Let me here say something in connection with that terrible tirade that was launched forth by a certain Molly Elliott Seawall, a writer herself of novels of no common order. She said: "If all that women have ever done in literature was swept out of existence, the world would not lose a single masterpiece." I was amused the other day by a lady saying that it was our own dear president, Mrs. May Wright Sewall, who was the author of this attack. "Do you think," I said, when I had recovered from laughter sufficiently to speak, "that the president of the Woman's International Council could say such things without suffering impeachment?"
I am not discouraged by such remarks, although I think it absurd to say that women had produced no masterpieces, yet I am perfectly willing to admit that they have produced no genius of the very highest rank, the rank of Dante and Shakespeare and Milton and Goethe. But do you know the same thing precisely has been said of American literature? It is not interesting that they say both of American literature and woman's literature, if I may coin the phrase, that it has produced some clever and delightful writers, but no genius of the very highest rank. Mr. James Bryce has a good deal to say of this on his work on America, and he puts a good deal of the onus on the shoulders of our hurried, interrupted, unrestful life. But he thinks that America in time will settle down to create the highest kind of literature. That the time will come when America (and the same thing is true of woman) will no longer feel the necessity of proving her right to be. I am cheered by the words of Emerson: "The scholar of the first age received into him the world around; brooded thereon; and uttered it again. * * * It came into him life; it went out from him truth and poetry."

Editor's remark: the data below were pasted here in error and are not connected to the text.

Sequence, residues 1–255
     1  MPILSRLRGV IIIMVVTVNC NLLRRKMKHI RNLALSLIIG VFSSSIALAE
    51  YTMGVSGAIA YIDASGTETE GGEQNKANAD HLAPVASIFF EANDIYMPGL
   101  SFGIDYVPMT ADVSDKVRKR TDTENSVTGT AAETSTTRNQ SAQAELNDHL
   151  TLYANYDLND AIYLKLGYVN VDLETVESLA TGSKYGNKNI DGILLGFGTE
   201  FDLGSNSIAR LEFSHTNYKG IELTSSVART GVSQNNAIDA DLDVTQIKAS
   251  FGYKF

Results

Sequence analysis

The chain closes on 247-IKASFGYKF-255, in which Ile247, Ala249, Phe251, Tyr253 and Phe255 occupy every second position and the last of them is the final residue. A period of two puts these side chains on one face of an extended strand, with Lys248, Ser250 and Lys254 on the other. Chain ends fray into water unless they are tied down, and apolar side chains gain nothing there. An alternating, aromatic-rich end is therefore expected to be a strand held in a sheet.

Well, woman is still in her first age. She is slowly awakening from a long sleep, and is just beginning to look about her and see the world around. She is still brooding thereon. I am sure the time is not far distant when she shall translate life into forms of perfect truth and poetry.
Annie Nathan Meyer was born in New York City, 1867. Her parents were Robert Weeks Nathan and Annie Florence Nathan. Mrs. Meyer is a remarkably bright and attractive young woman, having much worth and great influence. She married Dr. Alfred Meyer of New York. Her special work has been in the interest of woman's education, having been largely instrumental in founding Barnard College. Her principal literary works are, "Helen Brent, M. D.," "Woman's Work in America," and various essays and stories appearing in periodicals. In religious faith she is a Jewess. Mrs. Meyer is a member of A. A. W. Her postoffice address is 749 Madison Avenue, New York, N. Y.